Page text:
It takes a strong person to work in oncology … or a pediatric burn unit … or a combat hospital … or a spinal unit … knowing that often the state of the art won’t save the patient from death or destruction. But there are millions of people doing that super hard shit right now while you type gibberish … trying {imperfectly} to get better at the business of making things better for the sick.

      You don’t have to always succeed … because it feels good to know that you’re trying.

      When someone doesn’t come in until it’s too late because they’ve been lied to by horrible liars with nothing but the shallowest of greedy intentions :: that’s people hurting people … and it’s a totally different kind of fucked.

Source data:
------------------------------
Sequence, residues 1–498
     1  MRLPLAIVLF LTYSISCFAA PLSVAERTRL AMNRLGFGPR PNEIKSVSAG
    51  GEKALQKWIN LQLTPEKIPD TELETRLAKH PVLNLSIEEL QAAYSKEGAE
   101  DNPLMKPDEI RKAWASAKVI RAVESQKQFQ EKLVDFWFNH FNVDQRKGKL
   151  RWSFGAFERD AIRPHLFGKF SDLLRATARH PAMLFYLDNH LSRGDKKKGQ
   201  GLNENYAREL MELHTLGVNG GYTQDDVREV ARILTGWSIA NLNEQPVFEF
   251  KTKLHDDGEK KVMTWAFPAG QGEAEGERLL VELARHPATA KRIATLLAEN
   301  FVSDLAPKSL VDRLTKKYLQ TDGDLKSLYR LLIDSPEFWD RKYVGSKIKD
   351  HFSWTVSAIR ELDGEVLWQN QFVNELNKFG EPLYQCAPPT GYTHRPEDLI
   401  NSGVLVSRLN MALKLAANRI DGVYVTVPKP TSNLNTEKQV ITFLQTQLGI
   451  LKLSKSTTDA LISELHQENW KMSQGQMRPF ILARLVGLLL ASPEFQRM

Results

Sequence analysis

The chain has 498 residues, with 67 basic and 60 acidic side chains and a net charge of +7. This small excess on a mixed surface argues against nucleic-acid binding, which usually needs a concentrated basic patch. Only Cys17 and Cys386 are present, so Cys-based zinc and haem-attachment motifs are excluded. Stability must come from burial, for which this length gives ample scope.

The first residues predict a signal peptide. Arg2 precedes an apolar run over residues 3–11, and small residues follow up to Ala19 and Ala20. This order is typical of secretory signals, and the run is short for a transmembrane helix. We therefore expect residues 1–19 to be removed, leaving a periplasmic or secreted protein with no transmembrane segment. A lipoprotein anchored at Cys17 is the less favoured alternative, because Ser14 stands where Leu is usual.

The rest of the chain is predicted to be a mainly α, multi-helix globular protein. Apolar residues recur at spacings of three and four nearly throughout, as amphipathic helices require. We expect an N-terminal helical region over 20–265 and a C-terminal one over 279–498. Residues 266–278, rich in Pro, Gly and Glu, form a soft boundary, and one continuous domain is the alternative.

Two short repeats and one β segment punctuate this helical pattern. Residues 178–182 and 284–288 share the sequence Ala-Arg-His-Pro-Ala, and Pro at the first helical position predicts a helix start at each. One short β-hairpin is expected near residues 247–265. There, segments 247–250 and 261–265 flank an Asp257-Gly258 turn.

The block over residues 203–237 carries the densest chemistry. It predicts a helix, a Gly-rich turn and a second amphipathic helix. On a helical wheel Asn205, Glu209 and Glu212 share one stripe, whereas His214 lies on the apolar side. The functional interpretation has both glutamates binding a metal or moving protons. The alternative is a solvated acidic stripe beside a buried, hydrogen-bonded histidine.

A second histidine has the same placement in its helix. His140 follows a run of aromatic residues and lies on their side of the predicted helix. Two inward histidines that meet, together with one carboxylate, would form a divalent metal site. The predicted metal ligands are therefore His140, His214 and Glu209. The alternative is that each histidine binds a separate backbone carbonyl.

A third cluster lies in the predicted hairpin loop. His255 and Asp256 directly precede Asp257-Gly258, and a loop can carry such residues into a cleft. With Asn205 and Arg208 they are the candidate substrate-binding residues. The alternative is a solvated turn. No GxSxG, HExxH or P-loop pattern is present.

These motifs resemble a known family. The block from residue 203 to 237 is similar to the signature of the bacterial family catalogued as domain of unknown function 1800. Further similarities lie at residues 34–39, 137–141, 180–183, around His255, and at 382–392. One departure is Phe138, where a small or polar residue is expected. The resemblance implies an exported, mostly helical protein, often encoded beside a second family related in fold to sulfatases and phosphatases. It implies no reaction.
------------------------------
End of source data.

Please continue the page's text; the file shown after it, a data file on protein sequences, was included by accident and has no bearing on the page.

1. @SD, and your whole post is gibberish the way you write is gibberish so cough up some proof instead of a bunch of smart arse crap . If he’s doing this stuff prove it salty im totally against that shit too but your writing a whole bunch of smart ass bullshit does nothing but make u look stupid . And the reason I mention the natural therapies is because there is obviously a huge skeptism about it by u and your followers .

        1. @john ::

          And the reason I mention the natural therapies is because there is obviously a huge skeptism about it by u and your followers .

          Not really … I don’t know anything about it. I’m an expert on Internet lies … and Internet liars … and based on that expertise I didn’t even lookup whatever stupid shit you mentioned because I know you’re being disingenuous.